An entirely subjective and contestable compilation of wonderful wildlife encounters in 2023 — all unfolding right in people’s gardens. Through the combined efforts of predator control, native planting, and responsible pet ownership, native species can safely visit and live within our shared spaces. Now, that’s cool.
Tiny amphibians, Coromandel
Sara Smerdon is living the ultimate backyard wildlife dream. She lives in the Mahakirau Forest Estate in the Coromandel, a native forest subdivision filled with rare species protected by a special covenant.
The miniature Archey’s frog and Hochstetter’s frogs live in her backyard. She and her neighbours work hard to keep these super rare amphibians safe with ongoing introduced predator trapping, and it’s going pretty well.
They see frog and gecko footprints instead of rodents on their monitoring cards.
Black beauty, Hamilton
Catherine Beard snapped a picture of this super rare black morph pīwakawaka in Hillcrest, Hamilton.
Just how rare? It’s estimated they make up less than 1% of the pīwakawaka population in the North Island and around 5% in the South Island.
This unique dark-feathered bird lives in a forested gully surrounded by residential houses.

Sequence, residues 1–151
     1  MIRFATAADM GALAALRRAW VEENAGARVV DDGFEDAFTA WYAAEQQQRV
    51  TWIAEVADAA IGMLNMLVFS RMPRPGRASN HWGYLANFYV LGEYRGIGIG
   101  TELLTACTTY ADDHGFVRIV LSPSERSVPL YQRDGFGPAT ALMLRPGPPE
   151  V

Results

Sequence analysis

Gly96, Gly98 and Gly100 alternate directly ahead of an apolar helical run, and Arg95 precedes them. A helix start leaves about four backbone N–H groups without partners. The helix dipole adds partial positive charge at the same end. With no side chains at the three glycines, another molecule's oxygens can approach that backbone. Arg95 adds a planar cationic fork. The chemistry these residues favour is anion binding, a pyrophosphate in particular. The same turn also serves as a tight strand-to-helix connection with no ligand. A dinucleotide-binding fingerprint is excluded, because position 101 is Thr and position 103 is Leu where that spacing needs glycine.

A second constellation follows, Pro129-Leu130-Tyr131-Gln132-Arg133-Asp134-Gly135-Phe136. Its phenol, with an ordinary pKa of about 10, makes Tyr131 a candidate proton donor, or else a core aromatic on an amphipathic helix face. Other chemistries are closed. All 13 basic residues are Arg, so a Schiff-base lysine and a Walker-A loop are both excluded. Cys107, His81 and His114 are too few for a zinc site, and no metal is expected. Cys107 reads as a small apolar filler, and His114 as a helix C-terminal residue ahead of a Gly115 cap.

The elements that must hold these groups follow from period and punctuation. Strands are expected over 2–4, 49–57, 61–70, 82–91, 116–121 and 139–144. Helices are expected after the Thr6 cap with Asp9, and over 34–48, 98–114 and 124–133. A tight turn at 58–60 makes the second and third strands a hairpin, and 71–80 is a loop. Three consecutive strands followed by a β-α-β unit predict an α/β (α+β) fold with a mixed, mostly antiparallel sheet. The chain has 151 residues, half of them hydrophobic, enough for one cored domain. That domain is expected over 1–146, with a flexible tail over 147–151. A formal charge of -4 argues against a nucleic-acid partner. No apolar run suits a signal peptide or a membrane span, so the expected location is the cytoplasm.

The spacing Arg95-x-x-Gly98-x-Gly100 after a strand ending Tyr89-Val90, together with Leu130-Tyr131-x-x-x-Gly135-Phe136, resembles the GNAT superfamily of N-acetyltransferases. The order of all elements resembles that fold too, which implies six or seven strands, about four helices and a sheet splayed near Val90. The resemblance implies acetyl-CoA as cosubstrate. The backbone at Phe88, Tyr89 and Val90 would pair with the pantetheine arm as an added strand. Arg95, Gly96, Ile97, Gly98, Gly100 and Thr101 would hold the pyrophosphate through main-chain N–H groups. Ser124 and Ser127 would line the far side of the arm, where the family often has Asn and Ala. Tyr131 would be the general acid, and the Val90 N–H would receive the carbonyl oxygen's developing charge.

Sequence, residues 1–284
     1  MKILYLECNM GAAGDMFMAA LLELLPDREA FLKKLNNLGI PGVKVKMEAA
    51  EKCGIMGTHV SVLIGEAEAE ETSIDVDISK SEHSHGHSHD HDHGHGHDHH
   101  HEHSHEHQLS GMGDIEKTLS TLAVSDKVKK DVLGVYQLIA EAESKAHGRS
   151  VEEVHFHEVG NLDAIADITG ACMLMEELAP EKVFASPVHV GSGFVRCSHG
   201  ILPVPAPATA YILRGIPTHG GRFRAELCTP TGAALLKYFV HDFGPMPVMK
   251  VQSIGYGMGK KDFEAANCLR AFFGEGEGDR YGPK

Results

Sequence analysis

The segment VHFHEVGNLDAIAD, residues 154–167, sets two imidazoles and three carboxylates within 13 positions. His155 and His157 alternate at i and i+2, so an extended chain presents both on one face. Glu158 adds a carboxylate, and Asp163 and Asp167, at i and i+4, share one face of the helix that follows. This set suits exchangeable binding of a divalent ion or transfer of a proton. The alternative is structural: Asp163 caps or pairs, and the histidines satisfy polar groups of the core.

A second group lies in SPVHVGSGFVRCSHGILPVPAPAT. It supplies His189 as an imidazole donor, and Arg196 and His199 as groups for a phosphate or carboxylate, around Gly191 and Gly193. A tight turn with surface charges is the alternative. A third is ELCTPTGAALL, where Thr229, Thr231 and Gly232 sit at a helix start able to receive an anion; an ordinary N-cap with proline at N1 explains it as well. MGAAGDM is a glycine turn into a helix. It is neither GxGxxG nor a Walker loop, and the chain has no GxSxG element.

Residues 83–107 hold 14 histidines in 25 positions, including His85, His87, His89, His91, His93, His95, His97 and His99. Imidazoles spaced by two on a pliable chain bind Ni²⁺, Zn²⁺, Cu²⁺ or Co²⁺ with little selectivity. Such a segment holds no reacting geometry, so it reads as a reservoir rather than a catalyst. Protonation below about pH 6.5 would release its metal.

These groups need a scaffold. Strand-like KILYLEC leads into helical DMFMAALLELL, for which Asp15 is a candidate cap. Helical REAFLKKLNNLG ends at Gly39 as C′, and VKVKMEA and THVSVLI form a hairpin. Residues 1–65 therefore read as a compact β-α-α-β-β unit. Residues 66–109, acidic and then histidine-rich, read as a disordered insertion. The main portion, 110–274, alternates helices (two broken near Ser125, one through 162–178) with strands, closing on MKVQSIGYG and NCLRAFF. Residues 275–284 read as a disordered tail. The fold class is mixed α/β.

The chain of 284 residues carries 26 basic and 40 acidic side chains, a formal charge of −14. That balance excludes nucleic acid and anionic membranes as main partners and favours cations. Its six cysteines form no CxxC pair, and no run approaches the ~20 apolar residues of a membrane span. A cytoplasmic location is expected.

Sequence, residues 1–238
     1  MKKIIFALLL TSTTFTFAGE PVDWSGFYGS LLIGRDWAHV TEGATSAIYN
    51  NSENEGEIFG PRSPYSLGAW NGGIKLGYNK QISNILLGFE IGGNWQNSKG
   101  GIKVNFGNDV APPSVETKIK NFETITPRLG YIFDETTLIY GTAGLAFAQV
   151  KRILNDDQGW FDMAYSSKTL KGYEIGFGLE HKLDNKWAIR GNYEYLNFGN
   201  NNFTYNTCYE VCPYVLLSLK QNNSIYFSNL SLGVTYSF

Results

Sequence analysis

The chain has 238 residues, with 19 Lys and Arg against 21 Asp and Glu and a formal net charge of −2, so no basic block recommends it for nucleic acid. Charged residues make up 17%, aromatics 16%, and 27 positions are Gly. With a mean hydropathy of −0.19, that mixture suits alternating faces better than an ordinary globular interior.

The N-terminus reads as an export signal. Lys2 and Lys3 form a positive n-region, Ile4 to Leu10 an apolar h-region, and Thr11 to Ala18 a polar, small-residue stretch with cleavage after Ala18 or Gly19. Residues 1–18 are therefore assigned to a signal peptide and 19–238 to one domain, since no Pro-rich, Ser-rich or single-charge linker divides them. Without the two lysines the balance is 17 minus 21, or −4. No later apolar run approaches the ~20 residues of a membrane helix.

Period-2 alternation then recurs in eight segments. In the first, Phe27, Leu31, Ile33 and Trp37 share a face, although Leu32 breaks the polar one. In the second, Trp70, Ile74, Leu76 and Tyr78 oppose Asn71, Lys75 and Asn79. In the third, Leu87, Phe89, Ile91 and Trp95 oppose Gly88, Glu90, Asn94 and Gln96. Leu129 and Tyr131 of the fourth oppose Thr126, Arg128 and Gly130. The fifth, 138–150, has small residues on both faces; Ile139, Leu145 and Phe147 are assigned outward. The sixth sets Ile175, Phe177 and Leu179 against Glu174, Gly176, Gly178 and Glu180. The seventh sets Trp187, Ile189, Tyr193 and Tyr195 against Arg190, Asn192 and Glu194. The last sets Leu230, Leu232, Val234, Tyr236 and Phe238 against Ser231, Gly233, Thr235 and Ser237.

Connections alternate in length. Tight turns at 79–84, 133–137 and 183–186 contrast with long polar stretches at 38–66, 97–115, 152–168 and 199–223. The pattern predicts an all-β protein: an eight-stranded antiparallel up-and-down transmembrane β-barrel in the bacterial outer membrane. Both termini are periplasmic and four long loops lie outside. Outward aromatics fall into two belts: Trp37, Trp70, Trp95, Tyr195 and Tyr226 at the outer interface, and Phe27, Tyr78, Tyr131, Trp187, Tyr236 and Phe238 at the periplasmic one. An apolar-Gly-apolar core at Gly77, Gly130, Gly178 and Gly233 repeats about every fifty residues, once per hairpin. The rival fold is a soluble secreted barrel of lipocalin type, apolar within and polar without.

Catherine, along with several of her neighbours, trap along the gully and catch rats, possums, mice and hedgehogs to help protect the habitat.
A prickly encounter, Whākatane
Mike Ashley dashed for his camera to document this young kārearea (NZ falcon) inspecting a hedgehog in his Whākatane backyard.
The hedgehog wasn’t on the menu that day, instead ignoring the curious bird and ambling off.
Mike traps on his property, with a trap donated by local conservation group HALO Whākatane.
Noisy kiwi, Rakiura (Stewart Island)
A lucky island resident was stoked to see a tokoeka (Stewart Island brown kiwi) darting around their water tank and then putting on a dinosaur-like vocal performance (watch the video).
This tokoeka species is the largest of kiwi, and though nocturnal, they often forage during the day on Rakiura.
If you are ever lucky enough to experience something like this, remember to use a red torch to protect the light-sensitive kiwi eyes.
Lizard oasis, Hawke’s Bay
A blackberry bramble in the Hossack’s garden is home to the rare and endangered Hawke’s Bay skink.
Caelyn Hossack, 9, made headlines this year for discovering the skink colony – the first found outside the protection of Cape Sanctuary’s predator-proof fence.
Upon the discovery, the family transformed their garden into a lizard-friendly haven, laying out tin sheets and roofing tiles as sunbathing spots.
They’ve also planted native seedlings and installed predator traps to reduce the number of skink-hunting rats and mice.